Uncertain Archives: Approaching the Unknowns, Errors and Vulnerabilities of Big Data through Cultural Theories of the Archive
Research output: Contribution to journal › Journal article › Research › peer-review
We are surrounded by digital apparatuses that continuously capture, process, and archive social and material information: from global search engines to local smart cities, from public health monitoring to personal self-tracking technologies. Although the use of big data emerged from the human desire to acquire more knowledge and master more information, and to eliminate human error in large-scale information management, it has become clear in recent years that big data technologies, and the archives of data they accrue, bring with them new and important uncertainties in the form of new biases, systemic errors, and, as a result, new ethical challenges that require urgent attention and analysis. This collaboratively-written article outlines the conceptual framework of the research collective Uncertain Archives to show how cultural theories of the archive can be meaningfully applied to the empirical field of big data. More specifically, the article argues that this cultural-theoretical approach can help research going forward to attune to and address the uncertainties present in the storage and analysis of large amounts of information. By focusing on the notions of the unknown, error, and vulnerability, we reveal a set of different, albeit entwined, configurations of archival uncertainty that emerge along with the phenomenon of big data use, which we regard as central to understanding the conditions of the digitally networked data archives that have become a crucial component of today’s cultures of surveillance and governmentality.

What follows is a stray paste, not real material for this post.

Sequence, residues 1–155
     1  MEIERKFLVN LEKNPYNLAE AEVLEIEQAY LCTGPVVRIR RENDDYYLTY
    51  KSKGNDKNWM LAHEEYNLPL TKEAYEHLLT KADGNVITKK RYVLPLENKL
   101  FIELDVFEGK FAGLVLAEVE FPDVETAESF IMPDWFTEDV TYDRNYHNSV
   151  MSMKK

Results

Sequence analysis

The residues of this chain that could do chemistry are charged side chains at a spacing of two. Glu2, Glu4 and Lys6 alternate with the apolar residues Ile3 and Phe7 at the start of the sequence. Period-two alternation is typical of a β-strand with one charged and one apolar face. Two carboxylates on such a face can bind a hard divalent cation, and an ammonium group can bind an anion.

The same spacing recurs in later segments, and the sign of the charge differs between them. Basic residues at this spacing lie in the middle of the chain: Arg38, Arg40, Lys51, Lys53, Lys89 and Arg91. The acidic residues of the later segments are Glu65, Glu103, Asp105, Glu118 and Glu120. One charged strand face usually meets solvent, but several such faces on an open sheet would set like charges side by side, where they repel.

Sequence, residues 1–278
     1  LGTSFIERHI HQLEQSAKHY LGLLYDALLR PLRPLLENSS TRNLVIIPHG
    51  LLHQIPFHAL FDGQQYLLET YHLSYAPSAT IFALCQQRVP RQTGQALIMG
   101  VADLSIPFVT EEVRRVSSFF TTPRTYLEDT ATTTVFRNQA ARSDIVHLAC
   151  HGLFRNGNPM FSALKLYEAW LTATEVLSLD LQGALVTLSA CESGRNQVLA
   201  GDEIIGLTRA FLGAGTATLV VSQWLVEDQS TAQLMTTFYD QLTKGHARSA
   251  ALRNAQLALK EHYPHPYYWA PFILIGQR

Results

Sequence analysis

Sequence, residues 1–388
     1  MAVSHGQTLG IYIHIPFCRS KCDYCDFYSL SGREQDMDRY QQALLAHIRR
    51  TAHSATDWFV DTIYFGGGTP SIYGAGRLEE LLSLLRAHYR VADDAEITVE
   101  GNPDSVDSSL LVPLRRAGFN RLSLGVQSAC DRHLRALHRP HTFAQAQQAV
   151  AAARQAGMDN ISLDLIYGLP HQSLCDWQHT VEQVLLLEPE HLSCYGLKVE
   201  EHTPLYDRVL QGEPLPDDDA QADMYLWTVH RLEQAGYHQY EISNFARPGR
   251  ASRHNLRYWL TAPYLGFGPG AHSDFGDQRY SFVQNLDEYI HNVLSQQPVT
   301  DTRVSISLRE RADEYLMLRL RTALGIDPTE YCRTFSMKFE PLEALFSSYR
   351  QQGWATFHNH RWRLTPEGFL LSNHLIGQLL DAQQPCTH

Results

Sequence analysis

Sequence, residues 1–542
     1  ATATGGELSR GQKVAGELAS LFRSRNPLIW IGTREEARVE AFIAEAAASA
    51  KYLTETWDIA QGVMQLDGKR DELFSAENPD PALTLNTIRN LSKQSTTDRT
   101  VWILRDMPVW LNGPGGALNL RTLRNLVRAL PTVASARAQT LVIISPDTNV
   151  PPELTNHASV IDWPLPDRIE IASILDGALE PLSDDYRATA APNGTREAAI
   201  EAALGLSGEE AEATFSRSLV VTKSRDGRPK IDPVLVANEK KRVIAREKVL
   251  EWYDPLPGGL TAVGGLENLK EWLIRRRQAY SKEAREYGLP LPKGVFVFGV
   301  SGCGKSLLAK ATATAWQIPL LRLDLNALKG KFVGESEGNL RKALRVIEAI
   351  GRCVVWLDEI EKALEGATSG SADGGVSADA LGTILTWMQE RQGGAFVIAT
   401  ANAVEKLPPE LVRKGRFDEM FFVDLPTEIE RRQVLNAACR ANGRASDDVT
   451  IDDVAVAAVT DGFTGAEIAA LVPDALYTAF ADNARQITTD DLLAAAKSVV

|Journal||Surveillance & Society|
|Publication status||Accepted/In press - 2019|